Blake Darling leads Complete Communications, a technology advisor with expertise in the carrier space and a member of Cisco's Digital Solutions Integrator (DSI) program. Complete has been working to source satellite connectivity for its SD-WAN user customers.

"We are seeing a tremendous amount of adoption in Starlink and low-orbit-type products for hard-to-reach locations," Darling told Channel Futures. "We have solutions that can actually deliver a static IP and traditional billing as well with Starlink."

Mir said Cisco is looking at a 18-to-36-month window for the development of direct-to-device capabilities in LEO satellites. In the same way our cellphones tap into satellites for SOS functionality when we are out of normal range, campuses will see more built-in failover from satellite.

"Every endpoint that needs to be connected will have three options to connect to the rest of the world: direct fiber connection, 5G connection or a satellite connection," Mir said. "We believe it is going to create a new wave of creativity and opportunity."

... and Alongside Wireline

Slumping business wireline revenues and copper decommissioning often land in the headlines as carriers work on ways to rationalize their portfolios to emphasize fiber and 5G (and now satellite connectivity) over legacy access types. But Mir isn't framing 5G FWA as a competitor to existing wireline connectivity.

"Nothing's replacing; it's all about resiliency," he said.

Though Alcock contrasted a private 5G solution with WAN links, the "tech under the hood" ultimately is not the differentiator, he said.

"It's more about on consistency of experience, consistency of security, consistency of management and flexibility, and all those features that we talk about all the time in our managed services and in our offerings," he said.

Darling said customer needs determine whether LEO satellite connectivity should function as a "compliment or a replacement depending on the customer needs."

"For instance, in retail we are seeing a replacement of traditional circuits. In more traditional office environments, we are seeing it as a complement, and in hard-to-reach locations a necessity to provide adequate connectivity," he told Channel Futures.

The Value of Network Resiliency

Striking was Mir's mention of enterprises using expensive satellite connectivity as a secondary option. Does that indicate the C-suite being willing to spend more money on connectivity?

Mir said these businesses understand the value of a strong backup source. For example, the gas station on an interstate highway is depend on failover option. Its leadership understands the connection between redundancy and revenue.

"If the gas station is not connected, they will lose business. That's how all business runs. So in the case of [the gas station] losing all connection, I still have a satellite connection," he said.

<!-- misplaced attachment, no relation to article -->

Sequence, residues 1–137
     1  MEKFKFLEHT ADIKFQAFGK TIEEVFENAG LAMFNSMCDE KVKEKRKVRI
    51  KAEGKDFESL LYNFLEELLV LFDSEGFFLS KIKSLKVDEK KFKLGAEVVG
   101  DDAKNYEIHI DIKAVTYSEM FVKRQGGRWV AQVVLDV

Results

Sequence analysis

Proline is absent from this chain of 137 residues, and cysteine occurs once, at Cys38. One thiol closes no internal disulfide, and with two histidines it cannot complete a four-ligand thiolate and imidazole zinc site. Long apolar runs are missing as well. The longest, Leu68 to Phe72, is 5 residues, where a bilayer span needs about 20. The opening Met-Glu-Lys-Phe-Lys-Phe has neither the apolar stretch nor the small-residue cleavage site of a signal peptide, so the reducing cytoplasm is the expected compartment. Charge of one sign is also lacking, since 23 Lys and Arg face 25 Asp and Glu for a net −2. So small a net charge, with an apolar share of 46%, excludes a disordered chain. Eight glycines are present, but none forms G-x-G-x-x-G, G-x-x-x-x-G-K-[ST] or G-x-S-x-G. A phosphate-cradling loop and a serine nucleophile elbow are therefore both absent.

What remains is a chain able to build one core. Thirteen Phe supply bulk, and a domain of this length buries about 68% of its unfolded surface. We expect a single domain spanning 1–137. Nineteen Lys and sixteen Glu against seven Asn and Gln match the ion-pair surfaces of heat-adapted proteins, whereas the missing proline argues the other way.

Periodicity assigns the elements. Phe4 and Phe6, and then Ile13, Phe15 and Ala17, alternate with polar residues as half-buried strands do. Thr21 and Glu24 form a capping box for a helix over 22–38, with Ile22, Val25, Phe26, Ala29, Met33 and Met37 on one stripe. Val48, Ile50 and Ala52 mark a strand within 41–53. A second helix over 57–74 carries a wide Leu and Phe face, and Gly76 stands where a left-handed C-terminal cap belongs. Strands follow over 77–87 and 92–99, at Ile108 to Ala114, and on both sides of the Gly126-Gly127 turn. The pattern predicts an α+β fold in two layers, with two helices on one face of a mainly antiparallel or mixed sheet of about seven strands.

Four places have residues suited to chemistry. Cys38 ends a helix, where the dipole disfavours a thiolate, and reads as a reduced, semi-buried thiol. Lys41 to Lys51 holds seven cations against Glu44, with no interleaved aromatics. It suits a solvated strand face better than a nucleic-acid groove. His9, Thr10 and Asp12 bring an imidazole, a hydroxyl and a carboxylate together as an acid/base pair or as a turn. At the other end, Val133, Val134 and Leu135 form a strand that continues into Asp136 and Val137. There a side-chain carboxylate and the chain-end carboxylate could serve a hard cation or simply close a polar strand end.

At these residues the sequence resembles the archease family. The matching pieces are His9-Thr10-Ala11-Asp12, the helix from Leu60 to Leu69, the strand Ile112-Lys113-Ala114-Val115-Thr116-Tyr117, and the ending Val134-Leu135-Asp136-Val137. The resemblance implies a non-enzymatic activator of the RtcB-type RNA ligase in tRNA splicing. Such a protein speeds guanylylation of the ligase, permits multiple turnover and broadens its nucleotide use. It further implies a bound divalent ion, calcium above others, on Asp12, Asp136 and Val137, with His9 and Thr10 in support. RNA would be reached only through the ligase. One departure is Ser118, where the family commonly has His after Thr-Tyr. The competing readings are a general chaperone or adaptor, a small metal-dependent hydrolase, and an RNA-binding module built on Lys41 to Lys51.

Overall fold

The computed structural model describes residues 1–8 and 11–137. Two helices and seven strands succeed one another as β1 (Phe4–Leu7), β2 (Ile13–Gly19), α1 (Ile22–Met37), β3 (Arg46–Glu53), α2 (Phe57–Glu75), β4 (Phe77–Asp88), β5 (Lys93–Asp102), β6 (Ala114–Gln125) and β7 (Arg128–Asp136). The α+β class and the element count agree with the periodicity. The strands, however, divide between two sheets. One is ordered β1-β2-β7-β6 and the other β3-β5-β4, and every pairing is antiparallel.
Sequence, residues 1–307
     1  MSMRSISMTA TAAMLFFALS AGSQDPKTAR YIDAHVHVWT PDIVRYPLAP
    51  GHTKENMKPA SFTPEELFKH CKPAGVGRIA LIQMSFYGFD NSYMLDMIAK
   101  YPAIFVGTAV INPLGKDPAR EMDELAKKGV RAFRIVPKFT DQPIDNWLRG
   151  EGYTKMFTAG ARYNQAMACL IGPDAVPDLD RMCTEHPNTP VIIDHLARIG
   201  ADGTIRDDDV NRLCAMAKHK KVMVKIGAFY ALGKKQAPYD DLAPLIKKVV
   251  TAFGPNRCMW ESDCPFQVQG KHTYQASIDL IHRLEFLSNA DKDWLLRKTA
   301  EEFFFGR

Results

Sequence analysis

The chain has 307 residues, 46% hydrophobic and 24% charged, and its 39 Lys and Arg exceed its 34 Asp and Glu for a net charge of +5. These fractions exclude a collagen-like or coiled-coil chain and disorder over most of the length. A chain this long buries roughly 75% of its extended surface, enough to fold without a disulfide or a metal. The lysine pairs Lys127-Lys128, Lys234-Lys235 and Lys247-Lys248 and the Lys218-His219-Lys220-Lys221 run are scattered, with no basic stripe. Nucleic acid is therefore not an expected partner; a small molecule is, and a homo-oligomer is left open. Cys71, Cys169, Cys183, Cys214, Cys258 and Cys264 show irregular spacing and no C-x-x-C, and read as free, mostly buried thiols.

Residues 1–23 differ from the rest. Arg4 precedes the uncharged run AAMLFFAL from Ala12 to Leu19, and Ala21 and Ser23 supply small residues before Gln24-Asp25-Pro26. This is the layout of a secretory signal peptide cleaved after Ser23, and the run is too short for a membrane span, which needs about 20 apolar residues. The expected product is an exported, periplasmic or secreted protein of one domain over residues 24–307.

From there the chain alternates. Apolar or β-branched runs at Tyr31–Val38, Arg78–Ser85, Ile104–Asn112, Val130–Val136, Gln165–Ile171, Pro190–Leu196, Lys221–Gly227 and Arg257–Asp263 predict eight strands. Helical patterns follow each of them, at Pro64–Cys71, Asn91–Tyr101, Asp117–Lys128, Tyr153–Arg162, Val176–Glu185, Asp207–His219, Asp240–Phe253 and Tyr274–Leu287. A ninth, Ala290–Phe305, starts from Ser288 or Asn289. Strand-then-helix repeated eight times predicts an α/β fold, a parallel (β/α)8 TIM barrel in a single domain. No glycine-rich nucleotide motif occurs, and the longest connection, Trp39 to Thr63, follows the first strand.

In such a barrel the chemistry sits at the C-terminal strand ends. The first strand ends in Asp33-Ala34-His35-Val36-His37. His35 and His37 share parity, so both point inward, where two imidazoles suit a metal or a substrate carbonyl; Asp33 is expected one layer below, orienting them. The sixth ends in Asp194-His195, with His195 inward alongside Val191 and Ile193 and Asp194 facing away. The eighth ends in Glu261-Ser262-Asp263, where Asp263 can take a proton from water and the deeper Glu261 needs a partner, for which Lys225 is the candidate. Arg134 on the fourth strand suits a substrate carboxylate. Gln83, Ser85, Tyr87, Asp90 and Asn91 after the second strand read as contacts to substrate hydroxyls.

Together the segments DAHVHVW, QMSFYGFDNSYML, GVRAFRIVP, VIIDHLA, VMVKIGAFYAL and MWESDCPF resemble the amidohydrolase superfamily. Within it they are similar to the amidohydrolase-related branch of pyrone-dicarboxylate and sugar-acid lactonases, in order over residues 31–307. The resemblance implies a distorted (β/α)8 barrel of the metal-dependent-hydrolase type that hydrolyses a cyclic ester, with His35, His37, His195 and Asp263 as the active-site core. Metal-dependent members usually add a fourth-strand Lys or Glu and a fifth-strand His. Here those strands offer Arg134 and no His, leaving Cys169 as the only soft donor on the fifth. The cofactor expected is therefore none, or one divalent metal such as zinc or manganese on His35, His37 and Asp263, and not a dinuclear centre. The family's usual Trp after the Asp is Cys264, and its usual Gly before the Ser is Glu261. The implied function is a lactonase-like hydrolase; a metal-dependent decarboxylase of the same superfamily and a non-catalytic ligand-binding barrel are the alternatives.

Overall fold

The economics of redundancy are making multiple connection types more feasible at businesses, Mir said.

"Previously the cost of resiliency was higher, and it was also complex. With the evolution of SD-WAN, cost has come down. Operationally [resiliency] became easier and smarter," he said.

Asked if the enterprise C-suite is increasingly valuing network redundancy, Alcock said a better word might be "reliability." "Redundancy" to many IT people automatically means active-active or active-passive dual systems that cost double, Alcock said.

"They want more and more reliability in their network. They want us to use the technology that's available today, like AI, or at least the promise of this technology, to predict when there are going to be issues and avoid it to give me more reliability. And I think that they want that added more flexible cost as well. They don't want to spend millions on it," he said. "It's all about the economics and the reliability. I want reliability, but I don't want to pay double for it."

Mir gave the example of a customer that has added fixed wireless to a location that already had fixed broadband, for a total of one 1 gigabit per second speed.

"Let's say if I have one link fail, it's resilient, but I have a little bit of reduced capacity. SD-WAN is smart enough to prioritize which traffic should get priority," Mir said.

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About the Author(s)

James Anderson

Senior News Editor, Channel Futures

James Anderson is a news editor for Channel Futures. He interned with Informa while working toward his degree in journalism from Arizona State University, then joined the company after graduating. He writes about SD-WAN, telecom and cablecos, technology services distributors and carriers. He has served as a moderator for multiple panels at Channel Partners events.